It’s easy to have confidence among friends. I could tell you, with certainty, what those closest to me would say are my best qualities, and on most days, I’d agree with them. I’ve been through enough different experiences to have a pretty good idea of who I am. I know what I like and what I don’t. I know enough to know that saying yes usually leads to good things, but I’m also confident about when to hold back. Generally, I feel self-assured.
Now, any of you who have worked in customer service know that demanding customers, uptight management and unfriendly coworkers are not uncommon. It’s also true that there can be weirdly high expectations for job performance (this is a store, not the ER, people), and even though you know it’s not really a big deal, everything feels like a big deal. Couple that performance anxiety with the restrictive dress code that strips you of your personality, and we have a pretty good equation for loss of confidence.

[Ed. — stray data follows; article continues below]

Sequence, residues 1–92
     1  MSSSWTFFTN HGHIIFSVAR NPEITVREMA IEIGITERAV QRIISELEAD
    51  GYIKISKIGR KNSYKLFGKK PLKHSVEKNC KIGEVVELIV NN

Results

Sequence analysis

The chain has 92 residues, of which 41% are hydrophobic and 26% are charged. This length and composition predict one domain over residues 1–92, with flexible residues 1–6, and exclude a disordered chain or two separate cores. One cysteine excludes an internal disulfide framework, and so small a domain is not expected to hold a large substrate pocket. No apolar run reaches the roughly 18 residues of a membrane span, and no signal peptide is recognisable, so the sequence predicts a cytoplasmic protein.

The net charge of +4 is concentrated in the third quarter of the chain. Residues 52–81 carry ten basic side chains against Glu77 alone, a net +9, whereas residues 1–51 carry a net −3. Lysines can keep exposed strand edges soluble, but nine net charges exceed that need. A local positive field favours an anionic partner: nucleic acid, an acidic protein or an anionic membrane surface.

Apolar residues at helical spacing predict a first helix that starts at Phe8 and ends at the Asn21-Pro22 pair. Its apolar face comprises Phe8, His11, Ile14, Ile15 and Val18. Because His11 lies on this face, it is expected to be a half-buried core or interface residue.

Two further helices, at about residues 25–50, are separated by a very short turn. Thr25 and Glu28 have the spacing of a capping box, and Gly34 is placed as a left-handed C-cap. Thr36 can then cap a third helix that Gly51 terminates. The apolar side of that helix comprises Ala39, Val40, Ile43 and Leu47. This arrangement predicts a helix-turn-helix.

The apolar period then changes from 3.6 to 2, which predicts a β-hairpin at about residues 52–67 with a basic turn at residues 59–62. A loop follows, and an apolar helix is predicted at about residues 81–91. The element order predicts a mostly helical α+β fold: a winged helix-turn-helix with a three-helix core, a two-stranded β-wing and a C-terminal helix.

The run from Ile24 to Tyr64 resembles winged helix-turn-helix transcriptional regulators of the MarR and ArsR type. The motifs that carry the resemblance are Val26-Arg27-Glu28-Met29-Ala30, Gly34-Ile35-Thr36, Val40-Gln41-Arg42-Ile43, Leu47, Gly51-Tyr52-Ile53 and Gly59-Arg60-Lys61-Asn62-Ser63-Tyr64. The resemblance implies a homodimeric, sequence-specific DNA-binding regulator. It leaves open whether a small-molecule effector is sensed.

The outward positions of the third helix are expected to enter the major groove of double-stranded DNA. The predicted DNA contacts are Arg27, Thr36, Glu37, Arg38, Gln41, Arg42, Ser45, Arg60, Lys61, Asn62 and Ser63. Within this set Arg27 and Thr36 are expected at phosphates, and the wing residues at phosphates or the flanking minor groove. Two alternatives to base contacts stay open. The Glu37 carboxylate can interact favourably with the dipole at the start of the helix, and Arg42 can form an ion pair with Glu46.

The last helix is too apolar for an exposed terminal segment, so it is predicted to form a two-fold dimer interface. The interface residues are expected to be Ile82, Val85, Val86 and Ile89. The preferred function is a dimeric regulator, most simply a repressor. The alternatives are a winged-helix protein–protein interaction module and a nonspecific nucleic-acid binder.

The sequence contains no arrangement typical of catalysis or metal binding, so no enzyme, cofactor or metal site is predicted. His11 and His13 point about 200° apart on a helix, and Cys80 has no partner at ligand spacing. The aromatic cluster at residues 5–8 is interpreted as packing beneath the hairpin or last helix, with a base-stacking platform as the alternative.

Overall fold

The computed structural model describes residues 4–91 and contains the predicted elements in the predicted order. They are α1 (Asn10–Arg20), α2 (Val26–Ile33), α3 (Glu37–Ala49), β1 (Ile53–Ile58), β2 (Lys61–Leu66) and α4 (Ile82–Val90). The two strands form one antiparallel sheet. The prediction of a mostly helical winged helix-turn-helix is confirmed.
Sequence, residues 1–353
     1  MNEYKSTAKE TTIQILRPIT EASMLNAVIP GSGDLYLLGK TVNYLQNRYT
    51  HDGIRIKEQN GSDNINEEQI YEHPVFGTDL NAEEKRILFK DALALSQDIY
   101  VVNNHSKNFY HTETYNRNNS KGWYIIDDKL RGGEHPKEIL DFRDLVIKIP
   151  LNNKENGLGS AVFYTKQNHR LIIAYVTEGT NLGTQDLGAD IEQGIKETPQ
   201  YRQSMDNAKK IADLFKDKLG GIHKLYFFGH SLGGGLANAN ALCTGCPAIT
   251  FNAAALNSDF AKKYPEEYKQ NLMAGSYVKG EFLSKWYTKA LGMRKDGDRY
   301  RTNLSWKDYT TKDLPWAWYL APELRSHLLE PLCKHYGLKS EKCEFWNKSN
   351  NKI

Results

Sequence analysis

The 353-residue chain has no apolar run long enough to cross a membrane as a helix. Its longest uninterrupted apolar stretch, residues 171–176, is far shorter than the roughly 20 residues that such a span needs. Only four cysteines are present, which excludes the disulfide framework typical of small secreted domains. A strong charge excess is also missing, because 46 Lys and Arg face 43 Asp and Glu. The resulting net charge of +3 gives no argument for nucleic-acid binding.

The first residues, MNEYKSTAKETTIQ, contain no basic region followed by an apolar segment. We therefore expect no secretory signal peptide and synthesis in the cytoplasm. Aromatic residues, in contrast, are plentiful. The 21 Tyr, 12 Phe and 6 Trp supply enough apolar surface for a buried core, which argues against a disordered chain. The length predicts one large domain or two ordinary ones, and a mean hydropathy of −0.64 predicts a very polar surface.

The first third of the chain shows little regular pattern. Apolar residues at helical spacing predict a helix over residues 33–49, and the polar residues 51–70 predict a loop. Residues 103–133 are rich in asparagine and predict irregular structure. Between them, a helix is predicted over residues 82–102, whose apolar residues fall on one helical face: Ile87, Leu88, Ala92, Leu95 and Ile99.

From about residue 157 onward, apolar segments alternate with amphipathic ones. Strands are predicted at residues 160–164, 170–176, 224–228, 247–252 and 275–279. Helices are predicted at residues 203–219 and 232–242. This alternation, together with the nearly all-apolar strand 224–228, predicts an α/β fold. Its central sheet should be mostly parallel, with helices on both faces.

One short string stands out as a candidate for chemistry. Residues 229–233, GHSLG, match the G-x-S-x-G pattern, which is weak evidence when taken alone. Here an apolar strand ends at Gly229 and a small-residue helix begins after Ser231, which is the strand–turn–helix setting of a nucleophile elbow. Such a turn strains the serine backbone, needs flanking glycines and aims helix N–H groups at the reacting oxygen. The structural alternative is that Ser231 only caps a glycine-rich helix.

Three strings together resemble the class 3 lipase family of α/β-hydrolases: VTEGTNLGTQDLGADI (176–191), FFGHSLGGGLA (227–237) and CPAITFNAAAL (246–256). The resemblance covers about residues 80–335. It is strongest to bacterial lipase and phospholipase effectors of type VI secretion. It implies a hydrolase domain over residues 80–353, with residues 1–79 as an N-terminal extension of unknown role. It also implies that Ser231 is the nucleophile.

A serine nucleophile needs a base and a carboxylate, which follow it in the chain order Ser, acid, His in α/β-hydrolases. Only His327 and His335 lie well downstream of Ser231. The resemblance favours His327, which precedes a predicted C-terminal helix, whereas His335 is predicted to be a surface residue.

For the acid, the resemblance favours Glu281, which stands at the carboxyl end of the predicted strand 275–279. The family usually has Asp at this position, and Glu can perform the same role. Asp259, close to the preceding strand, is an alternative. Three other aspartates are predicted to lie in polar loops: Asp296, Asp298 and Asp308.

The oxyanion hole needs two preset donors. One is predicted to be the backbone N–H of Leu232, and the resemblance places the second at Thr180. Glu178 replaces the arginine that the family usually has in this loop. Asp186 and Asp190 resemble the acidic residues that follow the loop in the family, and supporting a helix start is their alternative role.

My professional uncertainty, both in my job and in questioning why I can’t seem to find a better, more fulfilling job, has left me chin-down and walking slowly. When I came across this quote by the Dalai Lama the other day (on a yoga website, naturally), it really struck me. I’ve been letting people who don’t even know me control my attitude about myself, which has made me feel weak and worried.
It’s important for me to remember that where I am does not change who I am. So to close, I’ll leave you readers and myself with this song from everyone’s favorite nun-turned-baroness, Maria.